Biobased Intermediates Advance the Shoe Industry

Shoe companies all over the globe are seeking ways to make their shoes more sustainable. Biobased intermediates, materials made from biological products that are subsequently used to make a finished product, are being incorporated into various types of footwear.

Two shoe companies, Reebok, and VioBarefoot are incorporating Susterra® propanediol, derived from field corn in making more sustainable shoes. DuPont Tate & Lyle Bio Products produces the intermediate Susterra® propanediol which has earned the USDA Certified Product Label and is 100% biobased.

With Reebok's "Corn + Cotton" athletic shoe, Susterra® propanediol is being used in creating the sole and the upper part of the shoe. According to the Reebok website, the ultimate goal is to create a compostable shoe since roughly 300 million pairs end up in U.S. landfills annually. In addition, the shoe is made from organic cotton with an insole made from castor bean oil.

In 2019, VivoBarefoot plans to launch a new shoe, Primus Bio. Susterra® propanediol is being used in creating both the sole and the upper part of the shoe.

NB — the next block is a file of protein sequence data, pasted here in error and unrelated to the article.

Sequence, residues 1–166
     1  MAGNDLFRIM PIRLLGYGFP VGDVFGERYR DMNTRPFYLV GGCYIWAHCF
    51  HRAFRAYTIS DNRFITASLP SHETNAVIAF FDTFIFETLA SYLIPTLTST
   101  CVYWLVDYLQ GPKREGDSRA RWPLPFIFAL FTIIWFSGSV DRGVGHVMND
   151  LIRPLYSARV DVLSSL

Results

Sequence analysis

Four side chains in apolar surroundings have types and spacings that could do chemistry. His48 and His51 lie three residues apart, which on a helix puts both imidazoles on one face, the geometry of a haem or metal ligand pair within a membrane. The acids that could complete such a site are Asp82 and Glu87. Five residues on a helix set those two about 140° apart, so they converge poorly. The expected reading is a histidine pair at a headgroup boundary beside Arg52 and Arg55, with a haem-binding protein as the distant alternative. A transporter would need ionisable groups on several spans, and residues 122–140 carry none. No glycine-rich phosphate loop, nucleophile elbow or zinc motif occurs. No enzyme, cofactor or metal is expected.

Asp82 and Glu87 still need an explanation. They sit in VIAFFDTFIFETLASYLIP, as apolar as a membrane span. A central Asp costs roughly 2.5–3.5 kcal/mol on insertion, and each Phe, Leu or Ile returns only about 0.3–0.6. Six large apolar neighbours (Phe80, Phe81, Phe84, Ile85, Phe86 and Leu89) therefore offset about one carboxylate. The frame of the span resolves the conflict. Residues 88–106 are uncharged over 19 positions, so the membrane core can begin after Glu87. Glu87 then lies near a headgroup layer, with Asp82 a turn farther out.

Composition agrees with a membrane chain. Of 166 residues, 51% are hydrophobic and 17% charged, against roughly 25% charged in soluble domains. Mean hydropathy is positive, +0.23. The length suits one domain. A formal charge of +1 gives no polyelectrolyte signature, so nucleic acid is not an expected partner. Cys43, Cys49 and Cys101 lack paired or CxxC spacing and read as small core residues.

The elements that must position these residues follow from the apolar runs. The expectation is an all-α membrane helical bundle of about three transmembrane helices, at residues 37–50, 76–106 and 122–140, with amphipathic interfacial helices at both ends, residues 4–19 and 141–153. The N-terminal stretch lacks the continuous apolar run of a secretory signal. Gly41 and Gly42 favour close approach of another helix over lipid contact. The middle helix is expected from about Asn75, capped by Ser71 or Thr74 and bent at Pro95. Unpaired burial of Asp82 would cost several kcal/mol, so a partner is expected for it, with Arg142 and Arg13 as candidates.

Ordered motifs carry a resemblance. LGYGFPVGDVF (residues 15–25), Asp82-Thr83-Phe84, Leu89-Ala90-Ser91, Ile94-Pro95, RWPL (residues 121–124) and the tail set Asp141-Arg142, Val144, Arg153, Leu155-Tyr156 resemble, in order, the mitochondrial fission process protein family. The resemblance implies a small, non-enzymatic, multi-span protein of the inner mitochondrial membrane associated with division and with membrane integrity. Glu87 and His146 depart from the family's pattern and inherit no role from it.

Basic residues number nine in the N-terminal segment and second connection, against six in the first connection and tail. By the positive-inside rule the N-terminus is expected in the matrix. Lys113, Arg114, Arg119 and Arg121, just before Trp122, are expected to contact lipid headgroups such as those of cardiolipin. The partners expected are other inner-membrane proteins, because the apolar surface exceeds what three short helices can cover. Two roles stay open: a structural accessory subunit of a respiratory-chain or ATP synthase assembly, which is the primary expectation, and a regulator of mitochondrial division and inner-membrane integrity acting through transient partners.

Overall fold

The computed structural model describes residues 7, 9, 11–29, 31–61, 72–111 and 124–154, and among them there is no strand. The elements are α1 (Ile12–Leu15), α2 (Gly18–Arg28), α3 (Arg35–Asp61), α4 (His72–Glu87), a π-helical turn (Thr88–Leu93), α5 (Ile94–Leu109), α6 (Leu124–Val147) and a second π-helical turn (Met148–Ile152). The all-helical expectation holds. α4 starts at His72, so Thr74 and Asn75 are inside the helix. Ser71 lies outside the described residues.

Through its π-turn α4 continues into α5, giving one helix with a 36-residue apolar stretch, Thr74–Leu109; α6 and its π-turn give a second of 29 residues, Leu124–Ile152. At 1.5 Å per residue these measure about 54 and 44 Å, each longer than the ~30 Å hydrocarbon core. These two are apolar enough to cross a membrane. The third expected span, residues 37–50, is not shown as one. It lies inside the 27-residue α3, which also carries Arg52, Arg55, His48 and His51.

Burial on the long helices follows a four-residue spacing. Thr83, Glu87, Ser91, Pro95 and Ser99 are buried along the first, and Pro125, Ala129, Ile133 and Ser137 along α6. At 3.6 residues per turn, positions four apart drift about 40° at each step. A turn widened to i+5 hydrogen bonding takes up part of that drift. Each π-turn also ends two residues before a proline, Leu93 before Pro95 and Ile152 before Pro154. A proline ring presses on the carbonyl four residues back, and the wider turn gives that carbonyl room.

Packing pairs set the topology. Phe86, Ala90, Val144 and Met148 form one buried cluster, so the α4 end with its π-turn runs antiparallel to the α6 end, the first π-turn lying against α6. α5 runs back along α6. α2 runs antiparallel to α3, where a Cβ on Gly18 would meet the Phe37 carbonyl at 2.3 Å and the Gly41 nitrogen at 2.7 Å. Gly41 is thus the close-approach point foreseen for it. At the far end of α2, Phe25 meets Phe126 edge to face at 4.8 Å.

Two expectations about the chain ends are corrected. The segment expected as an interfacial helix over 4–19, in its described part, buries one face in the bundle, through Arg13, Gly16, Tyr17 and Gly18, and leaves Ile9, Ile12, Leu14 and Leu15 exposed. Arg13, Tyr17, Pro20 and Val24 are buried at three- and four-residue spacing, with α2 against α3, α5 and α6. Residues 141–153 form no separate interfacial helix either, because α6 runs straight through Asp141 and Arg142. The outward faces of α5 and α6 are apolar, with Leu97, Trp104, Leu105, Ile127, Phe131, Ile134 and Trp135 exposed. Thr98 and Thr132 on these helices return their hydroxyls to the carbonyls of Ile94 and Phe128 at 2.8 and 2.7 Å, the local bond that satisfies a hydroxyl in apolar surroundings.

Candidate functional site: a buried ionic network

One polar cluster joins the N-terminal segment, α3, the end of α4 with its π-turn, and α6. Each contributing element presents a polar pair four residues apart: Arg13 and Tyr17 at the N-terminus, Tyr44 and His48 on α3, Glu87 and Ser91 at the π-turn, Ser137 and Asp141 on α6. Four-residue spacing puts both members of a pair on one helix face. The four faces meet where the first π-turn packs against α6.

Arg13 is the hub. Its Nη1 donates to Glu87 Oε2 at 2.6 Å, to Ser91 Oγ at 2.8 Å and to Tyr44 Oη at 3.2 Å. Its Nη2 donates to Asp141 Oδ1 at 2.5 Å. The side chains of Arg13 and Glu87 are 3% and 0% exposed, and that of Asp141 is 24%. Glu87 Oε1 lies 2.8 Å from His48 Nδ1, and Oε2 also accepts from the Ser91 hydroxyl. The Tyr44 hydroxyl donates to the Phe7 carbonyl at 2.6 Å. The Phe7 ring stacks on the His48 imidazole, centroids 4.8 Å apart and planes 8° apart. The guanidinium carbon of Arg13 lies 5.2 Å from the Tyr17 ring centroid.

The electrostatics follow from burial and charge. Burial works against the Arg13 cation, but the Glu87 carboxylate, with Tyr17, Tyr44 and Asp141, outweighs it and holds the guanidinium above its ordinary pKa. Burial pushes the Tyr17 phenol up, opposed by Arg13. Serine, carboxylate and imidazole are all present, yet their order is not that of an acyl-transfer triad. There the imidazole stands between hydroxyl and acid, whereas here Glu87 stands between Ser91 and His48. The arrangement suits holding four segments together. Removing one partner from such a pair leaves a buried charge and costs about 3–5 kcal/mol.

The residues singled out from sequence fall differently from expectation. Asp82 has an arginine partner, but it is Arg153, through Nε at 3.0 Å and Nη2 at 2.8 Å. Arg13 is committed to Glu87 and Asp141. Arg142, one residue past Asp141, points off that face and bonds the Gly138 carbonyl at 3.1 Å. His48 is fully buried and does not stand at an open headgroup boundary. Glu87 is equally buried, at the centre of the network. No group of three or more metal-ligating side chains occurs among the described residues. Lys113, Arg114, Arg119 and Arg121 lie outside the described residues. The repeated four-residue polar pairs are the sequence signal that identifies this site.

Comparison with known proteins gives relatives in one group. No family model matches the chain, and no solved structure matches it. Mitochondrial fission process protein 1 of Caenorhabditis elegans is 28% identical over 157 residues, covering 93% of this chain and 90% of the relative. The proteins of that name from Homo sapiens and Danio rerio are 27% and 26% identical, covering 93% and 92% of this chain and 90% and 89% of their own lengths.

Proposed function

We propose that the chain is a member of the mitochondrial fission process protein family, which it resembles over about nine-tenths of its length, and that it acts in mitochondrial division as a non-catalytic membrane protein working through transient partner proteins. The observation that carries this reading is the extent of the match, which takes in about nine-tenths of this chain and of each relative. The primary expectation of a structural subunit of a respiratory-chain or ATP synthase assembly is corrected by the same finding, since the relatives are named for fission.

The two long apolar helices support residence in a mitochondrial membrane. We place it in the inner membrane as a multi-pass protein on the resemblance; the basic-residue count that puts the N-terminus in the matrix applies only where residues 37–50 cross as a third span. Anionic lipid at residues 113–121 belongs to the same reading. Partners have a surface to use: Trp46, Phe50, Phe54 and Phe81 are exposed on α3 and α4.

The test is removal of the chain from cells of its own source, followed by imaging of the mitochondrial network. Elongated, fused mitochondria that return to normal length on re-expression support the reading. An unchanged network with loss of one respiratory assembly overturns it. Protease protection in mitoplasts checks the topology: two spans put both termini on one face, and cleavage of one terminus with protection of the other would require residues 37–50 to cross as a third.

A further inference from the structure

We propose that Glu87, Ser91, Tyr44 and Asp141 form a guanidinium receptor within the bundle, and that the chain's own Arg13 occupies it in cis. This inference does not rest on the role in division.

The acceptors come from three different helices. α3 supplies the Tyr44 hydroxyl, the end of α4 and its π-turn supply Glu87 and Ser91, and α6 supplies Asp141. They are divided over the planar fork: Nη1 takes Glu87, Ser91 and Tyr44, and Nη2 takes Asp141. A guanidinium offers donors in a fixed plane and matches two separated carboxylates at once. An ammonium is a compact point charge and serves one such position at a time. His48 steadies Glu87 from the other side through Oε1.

Using another biobased intermediate, VAUDE's hiking shoe incorporates Reverdia's Biosuccinium, for the toecaps and heel counters. Reverdia's Biosuccinium is a bio-derived succinic acid which has received the USDA Certified Biobased Products Label and is 99% biobased.

Allbirds has launched a range of flip-flops called Sugar Zeffers. The material of the soles is a sugarcane bioplastic produced by Braskem trademarked SWEETFOAM™ and referred to as bio-EVA. Braskem has a number of biobased intermediates that have received the USDA Biobased Product Label.

Adidas is getting into the game, prototyping a shoe made from AMSILK, a protein engineered bacteria, that is similar to the silk in a spider's web. Their goal is a biodegradable shoe.

It is believed that the shoe market will soon have many types of shoes, made in whole or in part, from biobased intermediates!